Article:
I never got very excited about gardening until this year, but it seems to have taken hold of me, which I’m sure is very exciting for all of you. The heirloom corn (Golden Cross Bantam Hybrid, for those of you keeping score with your fantasy gardening teams) that is the first part of my three sisters garden in our 8’x8′ raised bed is taking off really well.
I planted four hills of seven seeds each, and all seven seeds sprouted in three of the four hills, much to my astonishment. The fourth hill has decided to be my “problem child,” and only two seeds sprouted, so I replanted that yesterday.
The 40 or so corn seeds I planted in our “sacrificial” plot (I’m hoping the bugs, birds, and critters will eat here and leave my stuff alone) behind the back fence really aren’t doing well, at all. Only seven or eight of those have managed to poke through our hard Carolina red clay soil. I’m going to see if I can jumpstart that plot by using one of the extra seed starter kits we have laying around the house. Once they’ve had a chance to get going in the tray I’ll try to transplant the seedlings—with a handful of topsoil each—and see if that is enough to get them going.
For whatever combination of factors, our potatoes have taken off like rockets. We’ve got four half-barrels planted, 3 of which used purpose-bought seed potatoes (I forget the exact variety, other than that they are a form of yellow potatoes, not red), and the fourth barrel is an experiment, from some Yukon Gold potatoes that I’d forgotten about in the pantry that decided they wanted to sprout.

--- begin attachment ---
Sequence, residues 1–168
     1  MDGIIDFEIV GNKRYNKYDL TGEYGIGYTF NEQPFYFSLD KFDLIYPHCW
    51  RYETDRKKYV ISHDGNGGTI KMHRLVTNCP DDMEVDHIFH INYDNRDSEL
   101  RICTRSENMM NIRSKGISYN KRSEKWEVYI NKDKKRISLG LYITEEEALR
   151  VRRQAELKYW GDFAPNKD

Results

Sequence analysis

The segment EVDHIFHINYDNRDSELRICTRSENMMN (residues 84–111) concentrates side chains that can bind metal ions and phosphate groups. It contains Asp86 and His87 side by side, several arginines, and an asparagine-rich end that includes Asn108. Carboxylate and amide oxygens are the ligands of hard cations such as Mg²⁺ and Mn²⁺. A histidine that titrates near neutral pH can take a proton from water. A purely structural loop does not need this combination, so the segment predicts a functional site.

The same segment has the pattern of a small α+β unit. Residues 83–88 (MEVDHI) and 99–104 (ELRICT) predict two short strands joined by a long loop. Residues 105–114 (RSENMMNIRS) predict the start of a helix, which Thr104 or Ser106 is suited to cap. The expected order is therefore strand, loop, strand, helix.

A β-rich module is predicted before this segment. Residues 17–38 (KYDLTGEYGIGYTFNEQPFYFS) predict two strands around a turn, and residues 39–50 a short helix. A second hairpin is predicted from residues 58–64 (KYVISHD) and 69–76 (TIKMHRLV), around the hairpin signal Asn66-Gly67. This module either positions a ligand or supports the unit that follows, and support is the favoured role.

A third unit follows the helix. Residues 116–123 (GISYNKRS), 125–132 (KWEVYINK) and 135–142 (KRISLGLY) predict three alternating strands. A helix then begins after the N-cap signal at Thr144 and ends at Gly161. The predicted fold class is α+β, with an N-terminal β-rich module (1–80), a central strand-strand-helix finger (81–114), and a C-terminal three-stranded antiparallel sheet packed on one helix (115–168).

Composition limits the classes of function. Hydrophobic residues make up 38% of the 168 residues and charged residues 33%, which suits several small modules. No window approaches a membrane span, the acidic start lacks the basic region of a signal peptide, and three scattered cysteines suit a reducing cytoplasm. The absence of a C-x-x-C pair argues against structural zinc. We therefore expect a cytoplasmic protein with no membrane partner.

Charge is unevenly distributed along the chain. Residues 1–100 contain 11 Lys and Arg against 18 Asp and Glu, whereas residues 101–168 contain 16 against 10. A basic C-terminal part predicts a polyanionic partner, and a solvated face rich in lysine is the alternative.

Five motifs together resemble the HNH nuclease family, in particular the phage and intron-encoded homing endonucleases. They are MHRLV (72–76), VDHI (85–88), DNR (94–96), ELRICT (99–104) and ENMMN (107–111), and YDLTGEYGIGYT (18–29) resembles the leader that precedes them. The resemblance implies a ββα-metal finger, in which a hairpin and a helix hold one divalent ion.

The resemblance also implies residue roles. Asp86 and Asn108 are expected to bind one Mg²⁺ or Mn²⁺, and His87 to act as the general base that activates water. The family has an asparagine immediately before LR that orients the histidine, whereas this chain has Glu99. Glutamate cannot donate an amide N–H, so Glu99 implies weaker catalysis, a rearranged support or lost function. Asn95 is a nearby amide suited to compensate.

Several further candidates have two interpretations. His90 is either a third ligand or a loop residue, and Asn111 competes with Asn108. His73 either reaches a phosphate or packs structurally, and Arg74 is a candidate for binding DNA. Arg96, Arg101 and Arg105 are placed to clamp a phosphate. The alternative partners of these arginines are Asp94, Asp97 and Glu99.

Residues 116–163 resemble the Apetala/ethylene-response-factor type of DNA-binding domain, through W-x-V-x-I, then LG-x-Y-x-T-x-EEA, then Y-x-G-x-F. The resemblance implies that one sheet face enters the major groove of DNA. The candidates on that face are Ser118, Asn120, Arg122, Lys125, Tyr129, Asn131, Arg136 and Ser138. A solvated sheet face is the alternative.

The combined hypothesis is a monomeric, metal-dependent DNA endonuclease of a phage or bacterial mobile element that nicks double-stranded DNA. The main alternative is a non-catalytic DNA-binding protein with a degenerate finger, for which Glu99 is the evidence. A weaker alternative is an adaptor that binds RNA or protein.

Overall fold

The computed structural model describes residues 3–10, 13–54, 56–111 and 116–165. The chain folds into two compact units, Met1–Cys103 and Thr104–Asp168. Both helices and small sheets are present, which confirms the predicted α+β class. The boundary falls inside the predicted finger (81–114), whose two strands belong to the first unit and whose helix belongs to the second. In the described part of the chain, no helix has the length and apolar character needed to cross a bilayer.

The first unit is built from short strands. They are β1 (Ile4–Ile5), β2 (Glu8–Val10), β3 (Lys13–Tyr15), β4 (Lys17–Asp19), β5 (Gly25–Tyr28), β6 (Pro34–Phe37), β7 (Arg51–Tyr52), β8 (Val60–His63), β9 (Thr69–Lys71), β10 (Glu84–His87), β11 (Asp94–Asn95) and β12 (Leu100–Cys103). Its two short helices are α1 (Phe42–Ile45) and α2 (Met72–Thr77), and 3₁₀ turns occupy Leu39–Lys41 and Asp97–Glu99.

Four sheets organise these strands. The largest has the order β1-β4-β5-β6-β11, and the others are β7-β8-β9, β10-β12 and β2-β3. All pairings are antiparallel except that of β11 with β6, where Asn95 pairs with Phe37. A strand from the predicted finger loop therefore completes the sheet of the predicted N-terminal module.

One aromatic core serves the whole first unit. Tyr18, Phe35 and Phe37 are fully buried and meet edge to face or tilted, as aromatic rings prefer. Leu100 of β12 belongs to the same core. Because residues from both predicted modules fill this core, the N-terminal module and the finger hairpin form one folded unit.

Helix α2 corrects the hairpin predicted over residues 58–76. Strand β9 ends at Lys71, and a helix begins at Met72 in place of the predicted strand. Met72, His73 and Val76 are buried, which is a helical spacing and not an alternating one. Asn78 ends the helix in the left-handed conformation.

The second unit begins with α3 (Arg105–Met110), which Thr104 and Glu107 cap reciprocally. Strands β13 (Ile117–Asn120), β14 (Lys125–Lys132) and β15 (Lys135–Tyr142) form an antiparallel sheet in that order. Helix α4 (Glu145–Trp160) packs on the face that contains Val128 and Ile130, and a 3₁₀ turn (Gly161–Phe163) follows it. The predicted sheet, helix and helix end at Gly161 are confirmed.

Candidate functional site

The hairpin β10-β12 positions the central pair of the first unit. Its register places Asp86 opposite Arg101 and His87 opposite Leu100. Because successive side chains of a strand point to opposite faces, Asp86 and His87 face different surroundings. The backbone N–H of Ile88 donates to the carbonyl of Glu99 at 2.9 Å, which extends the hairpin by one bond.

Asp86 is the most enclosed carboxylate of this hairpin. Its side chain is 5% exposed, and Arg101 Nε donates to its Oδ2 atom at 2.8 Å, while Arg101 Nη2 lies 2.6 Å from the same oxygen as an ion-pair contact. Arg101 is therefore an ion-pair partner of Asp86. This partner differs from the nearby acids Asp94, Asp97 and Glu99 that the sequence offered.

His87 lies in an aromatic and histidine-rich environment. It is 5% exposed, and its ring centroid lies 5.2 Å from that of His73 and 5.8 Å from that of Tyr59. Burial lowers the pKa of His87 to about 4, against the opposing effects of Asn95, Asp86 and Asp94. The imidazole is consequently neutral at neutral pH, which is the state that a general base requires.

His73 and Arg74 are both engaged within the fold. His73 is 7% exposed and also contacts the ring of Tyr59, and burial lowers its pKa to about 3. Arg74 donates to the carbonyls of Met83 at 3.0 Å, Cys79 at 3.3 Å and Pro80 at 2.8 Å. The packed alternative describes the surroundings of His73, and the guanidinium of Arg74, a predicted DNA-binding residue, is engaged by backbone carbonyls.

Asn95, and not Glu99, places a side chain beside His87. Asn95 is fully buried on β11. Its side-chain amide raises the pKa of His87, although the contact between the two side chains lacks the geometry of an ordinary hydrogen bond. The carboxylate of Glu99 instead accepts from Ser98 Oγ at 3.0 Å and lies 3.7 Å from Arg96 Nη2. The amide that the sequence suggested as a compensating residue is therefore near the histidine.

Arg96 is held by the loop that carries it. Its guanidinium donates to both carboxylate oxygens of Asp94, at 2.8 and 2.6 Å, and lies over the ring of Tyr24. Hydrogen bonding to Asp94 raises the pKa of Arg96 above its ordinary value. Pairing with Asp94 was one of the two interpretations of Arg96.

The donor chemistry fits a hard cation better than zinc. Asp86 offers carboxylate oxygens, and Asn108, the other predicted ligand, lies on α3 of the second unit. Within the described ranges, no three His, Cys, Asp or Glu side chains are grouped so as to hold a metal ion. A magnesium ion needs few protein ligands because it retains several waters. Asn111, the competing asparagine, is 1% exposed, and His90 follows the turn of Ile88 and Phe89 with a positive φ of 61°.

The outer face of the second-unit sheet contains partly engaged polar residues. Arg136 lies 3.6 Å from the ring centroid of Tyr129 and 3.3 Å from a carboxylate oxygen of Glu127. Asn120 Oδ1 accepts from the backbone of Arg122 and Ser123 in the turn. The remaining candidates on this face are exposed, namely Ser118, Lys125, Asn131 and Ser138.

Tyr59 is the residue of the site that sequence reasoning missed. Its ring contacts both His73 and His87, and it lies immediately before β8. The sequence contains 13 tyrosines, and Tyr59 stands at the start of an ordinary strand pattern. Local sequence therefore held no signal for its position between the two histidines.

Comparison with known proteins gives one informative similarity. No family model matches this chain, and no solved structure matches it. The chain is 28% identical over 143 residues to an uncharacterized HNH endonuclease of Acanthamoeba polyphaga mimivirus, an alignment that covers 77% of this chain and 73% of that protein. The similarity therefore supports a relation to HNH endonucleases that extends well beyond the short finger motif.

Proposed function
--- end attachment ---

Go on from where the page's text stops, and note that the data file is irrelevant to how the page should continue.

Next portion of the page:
We’ve had a nice warm week with the temperatures pushing into the low 80s, and we’ve had rain twice, so the plants are really starting to take off. Once the corn hits six inches tall, it will be time to plant the squash and pole beans so that they can make their contribution to the “three sisters.” The beans will be the Kentucky Wonder Pole (heirloom), which is a simple choice to make, but the squash choice is a little harder.
Among our squash choices are the ever-popular Black Beauty zucchini, Green Hubbard and Vegetable Spaghetti winter squashes (which I could care less about, but which The Boss likes), and my personal favorite, the cushaw, which make the best pie I’ve ever tasted. Since I have four hills of corn to play with, I’m tempted to plant a variety on each hill, maybe 3 plants each for pollination purposes, plus a few for the starter trays and eventual transfer to the sacrificial plot.
The only thing that really isn’t working at this moment that I’m playing with are the Poblano and Cubanelle peppers that I put in starter trays 10 days ago. Despite everything else doing really well, they show no signs of working. Maybe they’re an inner city variety. Generally, we’ve had incredibly good luck growing peppers here, so maybe they just need more time (or I need fresher seeds).
My wife is working with her two 4″x8″ beds, her container plants, and her herb gardens, so I’m sure there will be a little bit of healthy friendly competition to see who has the greenest thumb.